|Roman Holiday Vespa|
More specifically, it its judgment on 17 March 2017 (sentenza No 13078/2017) the Fifth Section of the Supreme Court addressed the question whether the mere reproduction of the image of a Vespa [a well-known and iconic symbol of 'italianità', ie 'Italian-ness' and - more generally - Italian life-style] on gadgets (eg key rings) and T-shirts without also the reproduction of the word 'Vespa' [a registered trade mark] would amount to counterfeiting.
Under Italian law counterfeiting is not just a matter of trade mark infringement [in this case, it would be trade marks held by Piaggio, which also produces quite a lot of Vespa-related merchandise] but also a conduct that is subject to criminal sanctions.
The Rome Court of First Instance (Tribunale) had already found against the defendant, who appealed the decision before the Supreme Court and argued that his conduct would not fall within the scope of Article 474 of the Italian Criminal Code. This provisions states [translation by myself]:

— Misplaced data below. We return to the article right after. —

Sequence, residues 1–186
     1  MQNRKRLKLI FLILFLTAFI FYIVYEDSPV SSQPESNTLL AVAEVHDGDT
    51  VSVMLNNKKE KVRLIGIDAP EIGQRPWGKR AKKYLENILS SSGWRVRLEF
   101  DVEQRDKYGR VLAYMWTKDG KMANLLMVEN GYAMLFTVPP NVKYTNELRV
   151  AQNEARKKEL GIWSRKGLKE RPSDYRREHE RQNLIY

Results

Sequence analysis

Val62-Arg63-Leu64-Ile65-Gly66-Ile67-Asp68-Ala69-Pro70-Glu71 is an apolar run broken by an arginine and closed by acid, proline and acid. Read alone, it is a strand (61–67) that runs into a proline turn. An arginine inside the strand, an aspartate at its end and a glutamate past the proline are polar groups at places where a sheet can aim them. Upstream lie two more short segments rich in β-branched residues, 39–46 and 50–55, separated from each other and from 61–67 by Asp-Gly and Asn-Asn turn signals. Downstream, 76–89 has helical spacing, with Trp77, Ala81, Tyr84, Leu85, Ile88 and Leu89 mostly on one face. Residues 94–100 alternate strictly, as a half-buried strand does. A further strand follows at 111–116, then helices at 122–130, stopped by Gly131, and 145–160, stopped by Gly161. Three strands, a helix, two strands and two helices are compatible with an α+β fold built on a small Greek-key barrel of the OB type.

3. The delicts sub paragraphs 1 and 2 are punishable upon condition that internal laws, EU regulations and international conventions on the protection of intellectual and industrial property are observed."
|Kat Holiday Vespa|
The Supreme Court rejected the defendant's argument.
Recalling an earlier Supreme Court decision (sentenza No 9362/2015), the court noted that even the mere reproduction of an image can fall within the scope of Article 474 as long as: (1) such image is a trade mark or a distinctive sign of the product; and (2) the reproduction has the potential to create in some way confusion among consumers as regards the origin of the good in question.
It follows that the material reproduction of a trade mark as such is not required for Article 474 to apply.
This decision is consistent with earlier Italian case law on this point.
Even if the Supreme Court did not refer to decisions other than Italian ones, the ruling also appear consistent with relevant trade mark case law, including the seminal decision of the Court of Justice of the European Union (CJEU) in Adidas-Salomon, C-408/01. In the case the CJEU considered use of a sign as embellishment [this appears to have been to some extent the defensive line used in the case decided by the Supreme Court], and held that the fact that a sign is viewed as an embellishment by the relevant section of the public is not, in itself, an obstacle to trade mark protection where the degree of similarity is none the less such that the relevant section of the public establishes a link between the sign and the mark.